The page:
When you have allergies, you know how tough it can be to make it through a spring day — let alone a spring hour.
“Your body’s natural defenses are overreacting to substances that are usually not harmful,” says Dr. Carol G. Baum, an allergist at New York City’s ENT and Allergy Associates, about how allergic reactions start. And lately, as you’ve probably heard, the conditions for these springtime vexations are only getting worse.
“Every year we hear that this is the worst allergy season ever, but I think there is an understanding that with climate change our winters are warmer — and certainly that was the case this year,” Baum says.
“Because of that, the allergy seasons tend to start a little earlier and last a little longer, and also the pollen levels tend to be a little higher.”
Thankfully, you can find comfort amidst the budding trees with these options to help make you breathe a little easier.
Option A: Avoidance Simply put, learn your triggers and get out of their way. “If someone is allergic to pollen, I try to encourage them to run air-conditioning,” Baum says. “If they’re in the car, have the windows closed, run the air-conditioning. I always try to encourage people not to get a home close to a highway where there’s a lot of pollutants. I try to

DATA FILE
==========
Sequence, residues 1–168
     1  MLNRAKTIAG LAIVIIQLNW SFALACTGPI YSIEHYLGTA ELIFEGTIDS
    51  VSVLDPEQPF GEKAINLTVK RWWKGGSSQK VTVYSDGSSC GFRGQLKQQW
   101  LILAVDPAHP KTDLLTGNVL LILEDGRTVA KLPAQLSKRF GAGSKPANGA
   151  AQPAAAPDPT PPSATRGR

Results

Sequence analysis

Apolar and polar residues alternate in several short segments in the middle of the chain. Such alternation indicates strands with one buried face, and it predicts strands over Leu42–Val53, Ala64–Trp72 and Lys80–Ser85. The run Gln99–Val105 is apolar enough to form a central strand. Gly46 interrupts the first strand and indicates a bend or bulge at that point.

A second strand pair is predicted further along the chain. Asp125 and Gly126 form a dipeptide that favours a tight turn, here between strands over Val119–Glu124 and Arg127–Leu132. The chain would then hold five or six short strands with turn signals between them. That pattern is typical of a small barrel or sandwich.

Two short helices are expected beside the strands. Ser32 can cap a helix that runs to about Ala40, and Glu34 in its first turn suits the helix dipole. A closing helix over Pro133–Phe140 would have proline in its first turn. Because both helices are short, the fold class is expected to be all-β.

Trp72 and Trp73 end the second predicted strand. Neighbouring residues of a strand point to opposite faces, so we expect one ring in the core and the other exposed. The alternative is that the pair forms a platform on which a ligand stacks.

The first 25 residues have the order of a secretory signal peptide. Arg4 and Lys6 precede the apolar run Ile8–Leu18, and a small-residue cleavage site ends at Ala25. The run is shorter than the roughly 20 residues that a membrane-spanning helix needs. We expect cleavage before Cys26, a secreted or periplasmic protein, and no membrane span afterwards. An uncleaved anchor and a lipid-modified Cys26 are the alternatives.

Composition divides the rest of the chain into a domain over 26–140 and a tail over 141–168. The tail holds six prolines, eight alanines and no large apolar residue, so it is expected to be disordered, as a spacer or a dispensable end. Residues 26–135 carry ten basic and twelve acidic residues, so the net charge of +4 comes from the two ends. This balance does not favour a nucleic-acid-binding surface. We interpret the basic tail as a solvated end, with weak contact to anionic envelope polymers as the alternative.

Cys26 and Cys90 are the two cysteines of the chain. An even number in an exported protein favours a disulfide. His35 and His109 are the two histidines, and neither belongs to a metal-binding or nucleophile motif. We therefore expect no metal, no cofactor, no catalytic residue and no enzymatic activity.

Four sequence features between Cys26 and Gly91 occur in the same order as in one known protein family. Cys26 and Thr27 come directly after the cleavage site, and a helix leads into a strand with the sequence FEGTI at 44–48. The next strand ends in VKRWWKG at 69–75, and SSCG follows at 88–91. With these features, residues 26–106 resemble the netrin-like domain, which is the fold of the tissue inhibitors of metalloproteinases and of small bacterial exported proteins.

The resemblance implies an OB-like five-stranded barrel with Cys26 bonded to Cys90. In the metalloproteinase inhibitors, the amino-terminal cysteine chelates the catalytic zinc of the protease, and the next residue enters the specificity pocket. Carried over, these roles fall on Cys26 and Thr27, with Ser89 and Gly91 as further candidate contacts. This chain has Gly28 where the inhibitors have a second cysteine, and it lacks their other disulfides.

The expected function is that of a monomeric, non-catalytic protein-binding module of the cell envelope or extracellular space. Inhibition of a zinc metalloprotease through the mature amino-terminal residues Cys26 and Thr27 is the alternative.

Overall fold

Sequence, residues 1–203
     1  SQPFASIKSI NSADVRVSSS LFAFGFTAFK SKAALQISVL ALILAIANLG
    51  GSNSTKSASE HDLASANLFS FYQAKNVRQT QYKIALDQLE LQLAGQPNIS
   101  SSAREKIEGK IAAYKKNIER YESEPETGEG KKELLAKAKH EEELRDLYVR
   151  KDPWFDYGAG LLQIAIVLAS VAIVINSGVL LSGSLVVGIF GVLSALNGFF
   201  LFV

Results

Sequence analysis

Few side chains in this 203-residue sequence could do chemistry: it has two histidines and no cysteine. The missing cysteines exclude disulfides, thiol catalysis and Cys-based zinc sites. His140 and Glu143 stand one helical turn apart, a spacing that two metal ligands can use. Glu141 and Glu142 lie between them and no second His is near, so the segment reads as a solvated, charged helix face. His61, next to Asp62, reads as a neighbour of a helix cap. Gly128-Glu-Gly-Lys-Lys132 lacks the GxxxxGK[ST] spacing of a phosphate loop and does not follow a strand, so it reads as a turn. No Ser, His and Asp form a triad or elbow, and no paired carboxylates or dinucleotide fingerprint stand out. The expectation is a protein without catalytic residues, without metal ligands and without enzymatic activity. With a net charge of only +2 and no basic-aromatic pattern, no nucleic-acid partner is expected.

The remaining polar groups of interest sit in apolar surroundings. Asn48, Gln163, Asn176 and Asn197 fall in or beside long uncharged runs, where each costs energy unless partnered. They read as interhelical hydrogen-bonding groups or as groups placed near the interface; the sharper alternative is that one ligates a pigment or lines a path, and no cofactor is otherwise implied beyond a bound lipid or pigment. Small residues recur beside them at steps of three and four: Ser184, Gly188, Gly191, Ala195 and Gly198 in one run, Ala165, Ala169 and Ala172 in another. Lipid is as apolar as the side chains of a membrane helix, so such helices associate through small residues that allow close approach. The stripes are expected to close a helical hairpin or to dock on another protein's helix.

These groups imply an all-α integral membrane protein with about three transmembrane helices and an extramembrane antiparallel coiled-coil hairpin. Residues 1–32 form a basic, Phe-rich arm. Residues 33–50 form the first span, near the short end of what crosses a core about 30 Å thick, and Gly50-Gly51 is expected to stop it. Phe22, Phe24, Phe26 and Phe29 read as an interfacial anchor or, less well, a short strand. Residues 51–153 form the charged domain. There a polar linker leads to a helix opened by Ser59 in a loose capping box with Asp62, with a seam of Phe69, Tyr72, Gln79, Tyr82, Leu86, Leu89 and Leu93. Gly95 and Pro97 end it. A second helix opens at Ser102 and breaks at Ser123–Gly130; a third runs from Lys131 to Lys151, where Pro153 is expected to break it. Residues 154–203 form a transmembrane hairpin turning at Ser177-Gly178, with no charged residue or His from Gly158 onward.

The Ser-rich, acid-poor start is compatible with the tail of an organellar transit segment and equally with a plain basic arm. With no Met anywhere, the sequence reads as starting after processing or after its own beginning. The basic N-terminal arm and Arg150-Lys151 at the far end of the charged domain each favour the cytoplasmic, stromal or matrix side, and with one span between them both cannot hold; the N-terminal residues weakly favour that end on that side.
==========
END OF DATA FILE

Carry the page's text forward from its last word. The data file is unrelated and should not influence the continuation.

encourage pets to be out of the home and certainly out of the bedroom — you spend a third of your life sleeping in a bedroom, [and] dander can get into the bedding.”
Option B: Medication “There’s a lot of medications available,” Baum says. “They include oral antihistamines as well as topical antihistamines or steroids that may be applied as sprays to the nose or as drops to the eyes.” The good news is you can find a combination that works best for you.
Option C: Allergy shots Allergen immunotherapy, or allergy shots, exposes your body to allergens in small doses. “You give minute amounts of the allergen very gradually, on a weekly basis, usually over a period of about six months,” Baum says.
“Then they get monthly injections for a period that can run usually between three and five years.”